Phones from other countries work in Germany but if they contain a non-EU SIM they attract roaming charges. Local SIM cards cost as little as €10.
- Mobile phones operate on GSM 900/1800. If your home country uses a different standard, you’ll need a multiband GSM phone in Germany.
- If you have an unlocked multiband phone, a prepaid rechargeable SIM card from a German telecom provider will always work out cheaper than using your own network. Cards are available at any mobile phone store (eg T-Mobile, Vodafone, E-Plus or O2) and will give you a local number without signing a contract.
- If you have a SIM card from anywhere in the EU you will be charged the same in Germany as you are at home (or wherever the SIM is from).
Most public payphones only work with Deutsche Telecom (DT) phonecards, available in denominations of €5, €10 and €20 from DT stores, post offices, newsagents and tourist offices.
For long-distance and international calls, prepaid calling cards issued by other providers tend to offer better rates. Look for them at newsagents and telephone call shops. There may be a connection fee. Most cards work with payphones with a surcharge.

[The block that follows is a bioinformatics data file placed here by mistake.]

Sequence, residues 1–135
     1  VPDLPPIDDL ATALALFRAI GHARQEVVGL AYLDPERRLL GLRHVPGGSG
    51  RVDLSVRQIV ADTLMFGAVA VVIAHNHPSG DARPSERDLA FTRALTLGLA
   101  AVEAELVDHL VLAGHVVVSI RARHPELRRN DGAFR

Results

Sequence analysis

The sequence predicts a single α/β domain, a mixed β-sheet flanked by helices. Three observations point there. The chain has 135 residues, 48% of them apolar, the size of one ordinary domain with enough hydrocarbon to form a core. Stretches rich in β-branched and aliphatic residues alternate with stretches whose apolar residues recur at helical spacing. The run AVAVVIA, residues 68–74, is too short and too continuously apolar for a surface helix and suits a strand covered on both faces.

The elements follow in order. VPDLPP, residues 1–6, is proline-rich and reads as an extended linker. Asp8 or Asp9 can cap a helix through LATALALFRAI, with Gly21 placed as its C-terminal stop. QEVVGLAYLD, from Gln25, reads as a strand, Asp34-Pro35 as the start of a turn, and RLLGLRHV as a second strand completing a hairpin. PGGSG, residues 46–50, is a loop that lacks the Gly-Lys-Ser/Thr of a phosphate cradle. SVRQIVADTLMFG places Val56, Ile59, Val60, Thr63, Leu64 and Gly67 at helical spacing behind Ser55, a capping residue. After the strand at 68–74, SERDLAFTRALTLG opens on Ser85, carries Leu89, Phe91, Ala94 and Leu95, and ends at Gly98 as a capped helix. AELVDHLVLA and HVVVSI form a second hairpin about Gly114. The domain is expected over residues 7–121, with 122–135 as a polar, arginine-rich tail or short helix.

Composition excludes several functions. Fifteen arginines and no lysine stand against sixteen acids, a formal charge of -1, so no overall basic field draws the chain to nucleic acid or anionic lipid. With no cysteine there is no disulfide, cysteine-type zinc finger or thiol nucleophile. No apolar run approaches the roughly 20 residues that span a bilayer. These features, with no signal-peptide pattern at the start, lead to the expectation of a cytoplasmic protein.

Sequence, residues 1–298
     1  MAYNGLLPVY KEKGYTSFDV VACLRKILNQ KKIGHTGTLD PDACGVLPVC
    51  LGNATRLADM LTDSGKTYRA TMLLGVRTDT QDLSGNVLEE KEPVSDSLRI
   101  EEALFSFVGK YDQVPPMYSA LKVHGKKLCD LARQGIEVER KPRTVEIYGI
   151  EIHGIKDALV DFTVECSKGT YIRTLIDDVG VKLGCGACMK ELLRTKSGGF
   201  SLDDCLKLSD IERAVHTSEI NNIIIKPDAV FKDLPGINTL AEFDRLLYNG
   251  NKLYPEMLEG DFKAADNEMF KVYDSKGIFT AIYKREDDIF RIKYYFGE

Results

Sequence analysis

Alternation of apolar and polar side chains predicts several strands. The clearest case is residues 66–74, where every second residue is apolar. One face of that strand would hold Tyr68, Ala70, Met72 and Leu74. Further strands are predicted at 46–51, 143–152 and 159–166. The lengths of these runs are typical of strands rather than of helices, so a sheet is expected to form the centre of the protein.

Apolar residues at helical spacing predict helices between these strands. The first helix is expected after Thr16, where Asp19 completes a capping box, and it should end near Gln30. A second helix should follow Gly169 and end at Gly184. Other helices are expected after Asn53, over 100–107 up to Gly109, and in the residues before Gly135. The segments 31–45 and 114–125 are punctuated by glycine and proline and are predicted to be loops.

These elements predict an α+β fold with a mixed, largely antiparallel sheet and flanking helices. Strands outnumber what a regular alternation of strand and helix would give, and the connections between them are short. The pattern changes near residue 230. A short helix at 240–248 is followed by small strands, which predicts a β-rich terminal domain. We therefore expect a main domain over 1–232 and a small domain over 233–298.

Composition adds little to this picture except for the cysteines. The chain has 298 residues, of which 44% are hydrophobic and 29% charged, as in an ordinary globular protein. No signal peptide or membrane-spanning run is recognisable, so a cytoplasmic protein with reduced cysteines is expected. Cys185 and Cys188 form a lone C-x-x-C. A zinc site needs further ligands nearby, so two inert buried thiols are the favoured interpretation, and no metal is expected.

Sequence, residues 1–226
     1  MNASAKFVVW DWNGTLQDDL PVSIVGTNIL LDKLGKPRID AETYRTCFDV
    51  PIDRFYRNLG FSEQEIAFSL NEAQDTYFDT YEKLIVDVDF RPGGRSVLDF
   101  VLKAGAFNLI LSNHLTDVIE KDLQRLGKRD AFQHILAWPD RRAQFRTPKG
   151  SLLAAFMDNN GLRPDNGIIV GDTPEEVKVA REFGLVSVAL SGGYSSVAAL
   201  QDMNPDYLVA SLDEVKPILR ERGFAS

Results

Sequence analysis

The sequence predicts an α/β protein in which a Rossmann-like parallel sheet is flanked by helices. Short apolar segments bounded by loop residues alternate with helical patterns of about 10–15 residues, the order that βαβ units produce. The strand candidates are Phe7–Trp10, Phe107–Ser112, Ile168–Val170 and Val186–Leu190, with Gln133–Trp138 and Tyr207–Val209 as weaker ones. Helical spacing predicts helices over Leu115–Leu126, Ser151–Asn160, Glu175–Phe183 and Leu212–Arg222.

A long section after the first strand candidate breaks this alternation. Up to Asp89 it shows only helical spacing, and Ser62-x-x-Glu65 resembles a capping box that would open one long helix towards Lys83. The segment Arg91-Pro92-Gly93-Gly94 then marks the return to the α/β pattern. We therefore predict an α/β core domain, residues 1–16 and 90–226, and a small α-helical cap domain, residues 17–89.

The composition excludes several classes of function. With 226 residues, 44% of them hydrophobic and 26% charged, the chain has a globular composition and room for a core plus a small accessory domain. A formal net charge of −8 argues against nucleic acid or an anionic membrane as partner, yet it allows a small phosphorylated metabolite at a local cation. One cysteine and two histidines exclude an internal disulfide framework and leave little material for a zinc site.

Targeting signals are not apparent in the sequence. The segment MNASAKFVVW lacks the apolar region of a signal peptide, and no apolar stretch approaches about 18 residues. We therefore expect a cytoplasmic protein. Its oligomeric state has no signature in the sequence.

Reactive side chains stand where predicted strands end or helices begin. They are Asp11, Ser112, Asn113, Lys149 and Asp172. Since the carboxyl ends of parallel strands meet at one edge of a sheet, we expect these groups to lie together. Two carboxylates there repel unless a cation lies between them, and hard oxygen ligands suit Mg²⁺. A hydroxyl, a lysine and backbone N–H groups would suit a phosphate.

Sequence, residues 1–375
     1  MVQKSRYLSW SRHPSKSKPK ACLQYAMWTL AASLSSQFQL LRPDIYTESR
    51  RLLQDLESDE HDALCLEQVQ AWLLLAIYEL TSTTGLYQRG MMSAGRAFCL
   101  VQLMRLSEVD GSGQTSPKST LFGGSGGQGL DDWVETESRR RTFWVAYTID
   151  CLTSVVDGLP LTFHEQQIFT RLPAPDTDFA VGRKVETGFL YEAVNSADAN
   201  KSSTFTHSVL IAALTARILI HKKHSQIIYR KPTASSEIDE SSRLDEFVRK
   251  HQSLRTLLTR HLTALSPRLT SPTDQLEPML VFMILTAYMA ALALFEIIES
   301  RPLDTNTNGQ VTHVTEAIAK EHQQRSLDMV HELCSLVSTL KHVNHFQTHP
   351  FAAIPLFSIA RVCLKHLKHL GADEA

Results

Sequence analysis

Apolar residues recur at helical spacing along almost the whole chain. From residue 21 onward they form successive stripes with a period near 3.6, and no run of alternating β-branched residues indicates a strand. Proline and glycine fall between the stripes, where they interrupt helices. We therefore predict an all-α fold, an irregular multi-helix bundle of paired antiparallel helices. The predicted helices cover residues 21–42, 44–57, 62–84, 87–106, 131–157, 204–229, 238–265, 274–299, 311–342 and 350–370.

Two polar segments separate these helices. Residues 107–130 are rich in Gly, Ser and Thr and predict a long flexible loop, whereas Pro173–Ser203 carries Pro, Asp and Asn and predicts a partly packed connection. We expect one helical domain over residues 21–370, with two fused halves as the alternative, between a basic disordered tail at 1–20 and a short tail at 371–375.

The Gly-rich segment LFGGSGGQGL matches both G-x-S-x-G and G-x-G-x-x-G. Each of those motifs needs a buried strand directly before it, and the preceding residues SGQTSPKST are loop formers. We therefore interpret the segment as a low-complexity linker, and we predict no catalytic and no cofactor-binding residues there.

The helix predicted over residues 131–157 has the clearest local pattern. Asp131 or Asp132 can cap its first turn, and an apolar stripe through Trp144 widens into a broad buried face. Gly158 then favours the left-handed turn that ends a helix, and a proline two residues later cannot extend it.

German phone numbers consist of an area code, which starts with 0, and the local number. Area codes can be up to six numbers and local numbers up to nine digits long. If dialling from a landline within the same city, you don’t need to dial the area code. If using a mobile, you must dial it.
- If calling Germany from abroad, first dial your country’s international access code, then 49 (Germany’s country code), the area code (dropping the initial 0) and the local number. Germany’s international access code is 00.
- Numbers starting with 0800 are toll-free but numbers starting with 0190 or 900 are charged at exorbitant rates. Direct-dialled calls made from hotel rooms are also usually charged at a premium.
- If you have access to a private phone, you can benefit from cheaper rates by using a call-by-call access code. Rates can be found online at www.billiger-telefonieren.de.